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What is Coral: Plant or Animal

Most of the six thousand different coral species exist in warm, shallow, coastal waters. But, you can also find corals deep down in the darkness of open oceans.

In fact, corals are marine invertebrate animals that form huge underwater structures. Coral reefs provide sheltered habitats and food sources for 25% of fishes in the world.

Colourful Reefs are Tiny Colonial Organisms

The answer to the question of "is coral an animal or a plant" is a simple one.

Most coral reef formations look like they are colourful plants - anchored to the seabed by roots.

Here's the thing:

In fact, they are not plants at all. Corals are animals that fall within the Anthozoa (stony corals) class of marine invertebrates.

These tiny organisms are colonies that connect together as they grow.

Hence, individual coral polyps are interdependent on one another for nutrients and their survival as they colonise a reef structure. They use the electric charge of ions that exist in seawater to create their limestone exoskeletons.

A single polyp can be as small as a few millimetres or it can grow in excess of thirty (30) centimetres (12 inches), depending on the actual species of coral.

What are Corals Made Of?

Despite being animals, corals that build reefs in tropical regions will have microscopic plant-like organisms (algae) living inside the polyp tissues.

These zooxanthellae (pronounced zo-zan-THELL-ee) are vital for the survival of coral reefs around the world. Thus, the calcium carbonate skeleton provides a habitat for the algae, and the algae will provide a source of food for the corals.

Stony Corals (scleractinians)

Scleractinians lay the foundations in large reef structures. These individual stony coral organisms secrete a calcium carbonate framework (CaCO3) that builds up on itself and develops into various underwater structures.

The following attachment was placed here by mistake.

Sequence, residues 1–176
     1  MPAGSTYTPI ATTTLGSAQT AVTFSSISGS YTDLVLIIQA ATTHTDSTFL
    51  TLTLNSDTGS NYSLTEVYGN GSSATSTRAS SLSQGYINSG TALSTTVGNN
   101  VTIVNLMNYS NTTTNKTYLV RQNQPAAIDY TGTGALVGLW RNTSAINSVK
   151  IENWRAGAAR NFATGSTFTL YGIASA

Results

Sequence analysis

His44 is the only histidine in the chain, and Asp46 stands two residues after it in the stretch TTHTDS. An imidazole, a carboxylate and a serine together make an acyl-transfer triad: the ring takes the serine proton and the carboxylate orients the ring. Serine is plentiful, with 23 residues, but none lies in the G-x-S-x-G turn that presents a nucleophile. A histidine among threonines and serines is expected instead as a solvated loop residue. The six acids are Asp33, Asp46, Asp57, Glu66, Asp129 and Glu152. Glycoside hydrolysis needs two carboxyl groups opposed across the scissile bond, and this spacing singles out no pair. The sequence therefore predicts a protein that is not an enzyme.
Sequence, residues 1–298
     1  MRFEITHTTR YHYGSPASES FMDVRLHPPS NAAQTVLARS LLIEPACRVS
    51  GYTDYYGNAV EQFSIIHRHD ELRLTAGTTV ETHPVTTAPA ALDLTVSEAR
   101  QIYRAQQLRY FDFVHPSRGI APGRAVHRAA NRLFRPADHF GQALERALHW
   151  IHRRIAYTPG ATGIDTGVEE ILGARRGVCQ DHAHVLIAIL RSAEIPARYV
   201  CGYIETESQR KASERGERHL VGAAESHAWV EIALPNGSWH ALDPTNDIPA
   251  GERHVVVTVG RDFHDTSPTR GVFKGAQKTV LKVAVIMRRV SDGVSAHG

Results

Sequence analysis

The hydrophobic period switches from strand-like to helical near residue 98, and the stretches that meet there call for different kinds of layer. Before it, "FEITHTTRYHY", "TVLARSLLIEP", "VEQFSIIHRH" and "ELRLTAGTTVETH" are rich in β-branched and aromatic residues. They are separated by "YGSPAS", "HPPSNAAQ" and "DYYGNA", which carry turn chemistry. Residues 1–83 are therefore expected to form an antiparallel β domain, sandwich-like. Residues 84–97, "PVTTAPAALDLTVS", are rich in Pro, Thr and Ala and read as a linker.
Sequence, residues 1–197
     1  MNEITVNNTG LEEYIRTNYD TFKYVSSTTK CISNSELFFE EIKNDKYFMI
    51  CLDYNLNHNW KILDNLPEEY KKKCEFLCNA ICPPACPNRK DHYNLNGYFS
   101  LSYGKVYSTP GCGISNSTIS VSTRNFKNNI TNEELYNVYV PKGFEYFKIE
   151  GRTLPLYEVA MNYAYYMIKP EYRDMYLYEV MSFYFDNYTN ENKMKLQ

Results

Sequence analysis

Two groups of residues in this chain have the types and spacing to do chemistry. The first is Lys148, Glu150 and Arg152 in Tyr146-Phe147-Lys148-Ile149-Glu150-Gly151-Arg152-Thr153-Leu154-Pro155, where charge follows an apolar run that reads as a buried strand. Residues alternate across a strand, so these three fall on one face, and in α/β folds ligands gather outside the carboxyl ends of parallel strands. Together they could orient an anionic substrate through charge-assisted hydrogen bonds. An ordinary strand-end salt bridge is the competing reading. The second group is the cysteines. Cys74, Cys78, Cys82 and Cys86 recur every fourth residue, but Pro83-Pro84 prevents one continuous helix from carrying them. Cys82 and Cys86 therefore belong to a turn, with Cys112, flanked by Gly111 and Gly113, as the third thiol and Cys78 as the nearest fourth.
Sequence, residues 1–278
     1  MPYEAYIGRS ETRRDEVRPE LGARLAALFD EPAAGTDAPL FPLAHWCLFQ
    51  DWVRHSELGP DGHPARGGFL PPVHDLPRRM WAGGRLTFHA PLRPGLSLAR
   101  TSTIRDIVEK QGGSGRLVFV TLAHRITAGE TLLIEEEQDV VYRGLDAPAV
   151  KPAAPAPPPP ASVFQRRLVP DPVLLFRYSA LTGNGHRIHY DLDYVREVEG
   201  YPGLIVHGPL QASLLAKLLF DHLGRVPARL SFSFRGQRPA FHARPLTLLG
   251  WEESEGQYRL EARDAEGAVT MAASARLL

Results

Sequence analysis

Most of the polyps are tiny (e.g. less than three millimetres in diameter). But, with favourable conditions, their size can increase by around two (2) centimetres per year.

Key takeaways:

Pro Tip: Favourable conditions for corals to grow means an abundance of sunlight, consistent water temperature, and moderate wave action.

Difference Between Hard and Soft Corals

Marine biologists and zoologists will divide coral species into two basic kinds, that being either soft corals or hard corals.

Soft Corals

It's quite easy to mistake soft corals as being underwater plants, because they sway back and forth in the swells and currents. But, they are living animals - not plants.

Even so, soft corals have a small skeleton used as the anchorage point at the base. You will find them on the reefs laid down by the hard corals, as well as many other marine areas.

Hard Corals

The hard skeletal base of hard corals (e.g. staghorn coral), and the seemingly static existence, is why some divers confuse them as being made of rock.

So, even though they are living creatures 'initially', most of the hard corals differ from soft corals because they can produce substantial amounts of calcium carbonate (chalk).

This large, exterior skeleton gives reef-building coral the unique ability to build massive coral reef ecosystems over a period of many years.

Related Information and Help Guides

Note: The main section lists 10 simple steps to saving coral reefs and how daily decisions and actions can make a difference.

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